|Genus:||Carnegiea Britton & Rose|
|Binomial name:||Carnegiea Gigantea|
Saguaro cactus is also known as Giant cactus, Saguaro. This plant is not yet listed as endangered or threatened. But in Arizona, it has strict regulation about the harvesting, collection or destruction of this species. It is a very slow growing plant. A ten year plant may only be 1.5 inches tall. This cactus is considered as among the largest Cactus in the world. It can live up to 150 to 200 years. The flower of Saguaro is the state wildflower of Arizona. The cactus itself is one of the heaviest plants. This cactus has great capacity of storing water, which is why if flowers. Native birds like Purple Martins, Gilded Flickers, House Finches and Gila Woodpeckers live in the hollows of the Saguaro cactus.
The Scientific name of the Saguaro Cactus is Carnegies Gigantea. It is named in the honor of the American Philanthropist and Industrialist Andrew Carnegie. In the year 1933, the Rincon Mountain district made the Saguaro national monument. It was the first national monument or park to protect the species of the plant.
The saguaro cactus plant can attain a height of 50 feet. This plant is large and has a tree-like columnar. It develops its first branch or arm at about 75 years of age. And at about 150 years, it reaches its full height. The leaves of this cactus are modified into spines and its skin is waxy and smooth and serrated into ridges. These ridges allow the cactus plant to expand in rainy season to store more water. This plant produces its first flower after reaching a height of 6 feet. Its large, fragrant and white colored flower blooms in the spring season and they are pollinated by the bees, birds and bats. Its flower opens during the night and closes during the day. The fruit of this plant is about 3 inches in size, oval and green in color and ripens just before the fall rainy season. The flesh of the fruit is luscious, red, and bright and contains several black seeds. This plant has an amazing system of roots. The root system is shallow for such a tall and heavy plant. There are two root systems of this plant. The main root of the plant reaches up to 2 to 3 feet deep and the other root extends only one foot deep. The stems of this plant are 18 to 25 inches in diameter. The flowers of this plant occur in the month of May and its fruit occurs in the late summer season.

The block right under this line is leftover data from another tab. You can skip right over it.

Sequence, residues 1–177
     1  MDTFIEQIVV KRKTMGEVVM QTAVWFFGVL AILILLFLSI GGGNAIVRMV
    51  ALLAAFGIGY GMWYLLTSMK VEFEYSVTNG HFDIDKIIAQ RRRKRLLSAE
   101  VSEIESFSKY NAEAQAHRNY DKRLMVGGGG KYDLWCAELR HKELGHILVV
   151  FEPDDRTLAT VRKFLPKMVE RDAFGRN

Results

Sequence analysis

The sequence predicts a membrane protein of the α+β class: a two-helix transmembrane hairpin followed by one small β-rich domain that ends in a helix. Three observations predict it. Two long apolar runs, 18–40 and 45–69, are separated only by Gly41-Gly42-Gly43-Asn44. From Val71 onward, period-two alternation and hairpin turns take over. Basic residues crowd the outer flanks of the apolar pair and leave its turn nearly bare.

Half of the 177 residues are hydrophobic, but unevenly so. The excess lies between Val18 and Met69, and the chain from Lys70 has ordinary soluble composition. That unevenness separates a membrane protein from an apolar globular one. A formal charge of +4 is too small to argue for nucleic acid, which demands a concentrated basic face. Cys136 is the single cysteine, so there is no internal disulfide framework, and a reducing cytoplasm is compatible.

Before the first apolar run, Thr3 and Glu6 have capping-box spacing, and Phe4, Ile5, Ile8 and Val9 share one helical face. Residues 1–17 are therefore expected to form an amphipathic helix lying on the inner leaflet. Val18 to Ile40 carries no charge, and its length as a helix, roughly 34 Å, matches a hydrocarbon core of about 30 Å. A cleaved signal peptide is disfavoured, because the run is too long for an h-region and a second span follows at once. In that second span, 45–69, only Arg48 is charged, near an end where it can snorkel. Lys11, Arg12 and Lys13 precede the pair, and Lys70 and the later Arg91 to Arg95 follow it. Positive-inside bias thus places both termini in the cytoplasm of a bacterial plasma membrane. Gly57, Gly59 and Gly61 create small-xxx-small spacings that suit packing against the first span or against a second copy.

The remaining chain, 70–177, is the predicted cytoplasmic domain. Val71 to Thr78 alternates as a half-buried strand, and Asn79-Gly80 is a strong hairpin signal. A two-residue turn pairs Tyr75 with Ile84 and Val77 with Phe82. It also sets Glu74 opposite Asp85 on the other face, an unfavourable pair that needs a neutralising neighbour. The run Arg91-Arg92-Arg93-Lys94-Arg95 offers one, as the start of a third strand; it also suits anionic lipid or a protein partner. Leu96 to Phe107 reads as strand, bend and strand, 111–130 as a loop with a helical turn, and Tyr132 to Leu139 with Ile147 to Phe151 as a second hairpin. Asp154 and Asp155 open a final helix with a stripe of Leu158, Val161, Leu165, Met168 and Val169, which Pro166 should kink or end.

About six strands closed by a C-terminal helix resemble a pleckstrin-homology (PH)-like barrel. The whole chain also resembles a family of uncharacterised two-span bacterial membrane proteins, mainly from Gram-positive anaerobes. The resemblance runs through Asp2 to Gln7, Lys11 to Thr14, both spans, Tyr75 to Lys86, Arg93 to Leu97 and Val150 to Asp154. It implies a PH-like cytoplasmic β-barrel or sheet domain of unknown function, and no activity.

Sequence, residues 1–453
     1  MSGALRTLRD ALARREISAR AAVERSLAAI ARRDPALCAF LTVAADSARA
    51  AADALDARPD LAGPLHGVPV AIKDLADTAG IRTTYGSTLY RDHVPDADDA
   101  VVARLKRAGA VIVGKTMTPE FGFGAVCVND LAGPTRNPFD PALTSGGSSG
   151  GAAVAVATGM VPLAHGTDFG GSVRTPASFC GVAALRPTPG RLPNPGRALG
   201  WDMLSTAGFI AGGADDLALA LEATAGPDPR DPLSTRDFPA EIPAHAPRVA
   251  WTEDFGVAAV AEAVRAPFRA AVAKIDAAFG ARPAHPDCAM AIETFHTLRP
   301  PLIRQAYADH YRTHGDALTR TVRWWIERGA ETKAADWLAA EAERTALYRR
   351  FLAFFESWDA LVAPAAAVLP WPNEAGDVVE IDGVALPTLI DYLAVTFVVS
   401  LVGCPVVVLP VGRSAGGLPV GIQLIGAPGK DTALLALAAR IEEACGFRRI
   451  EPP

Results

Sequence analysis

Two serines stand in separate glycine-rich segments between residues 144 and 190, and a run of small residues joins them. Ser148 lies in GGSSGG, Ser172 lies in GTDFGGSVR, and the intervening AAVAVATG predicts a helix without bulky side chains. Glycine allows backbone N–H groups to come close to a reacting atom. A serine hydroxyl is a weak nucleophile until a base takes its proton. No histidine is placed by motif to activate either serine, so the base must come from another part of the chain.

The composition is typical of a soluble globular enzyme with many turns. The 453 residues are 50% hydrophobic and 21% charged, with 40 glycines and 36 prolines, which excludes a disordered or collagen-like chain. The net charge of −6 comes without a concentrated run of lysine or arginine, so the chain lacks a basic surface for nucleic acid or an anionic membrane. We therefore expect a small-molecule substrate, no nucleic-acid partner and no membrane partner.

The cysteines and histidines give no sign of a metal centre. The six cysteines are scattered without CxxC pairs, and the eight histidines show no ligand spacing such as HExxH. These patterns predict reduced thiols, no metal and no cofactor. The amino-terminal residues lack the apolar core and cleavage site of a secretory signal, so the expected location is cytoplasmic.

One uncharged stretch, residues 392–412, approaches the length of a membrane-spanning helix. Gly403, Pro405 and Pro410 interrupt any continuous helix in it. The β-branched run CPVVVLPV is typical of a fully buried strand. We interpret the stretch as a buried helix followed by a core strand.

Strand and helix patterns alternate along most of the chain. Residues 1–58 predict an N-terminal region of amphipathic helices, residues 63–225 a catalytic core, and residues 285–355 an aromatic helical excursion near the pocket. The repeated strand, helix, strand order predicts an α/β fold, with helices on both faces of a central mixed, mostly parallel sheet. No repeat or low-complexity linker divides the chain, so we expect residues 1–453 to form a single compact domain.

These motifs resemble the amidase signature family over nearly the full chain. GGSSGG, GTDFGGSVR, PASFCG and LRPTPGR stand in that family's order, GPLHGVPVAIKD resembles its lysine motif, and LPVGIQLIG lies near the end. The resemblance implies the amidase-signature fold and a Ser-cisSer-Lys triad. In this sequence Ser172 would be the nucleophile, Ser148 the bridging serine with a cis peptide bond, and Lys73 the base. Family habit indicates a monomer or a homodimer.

The saguaro cactus plant is native to the Sonoran desert. It is also found in the Western Sonora, Southern Arizona and Mexico. You can also find them in a small part of California such as Whipple Mountains and Imperial Country. The natural habitats of this cactus are desert slopes and flats and especially rocky terrain. It also lives in the lowlands and Bajadas. This plant can grow in the Phoenix valley because the Phoenix Urban Heat Island provides adequate protection from winter nighttime cold.
The Saguaro cactus plant requires extremely loose, coarse and loamy soil. The soil should be free from organic fertilizers such as manure. It prefers draining soil and less watering. Peat moss is also ideal for the plant if it is growing inside. Peat moss helps in retaining nutrients in the soil.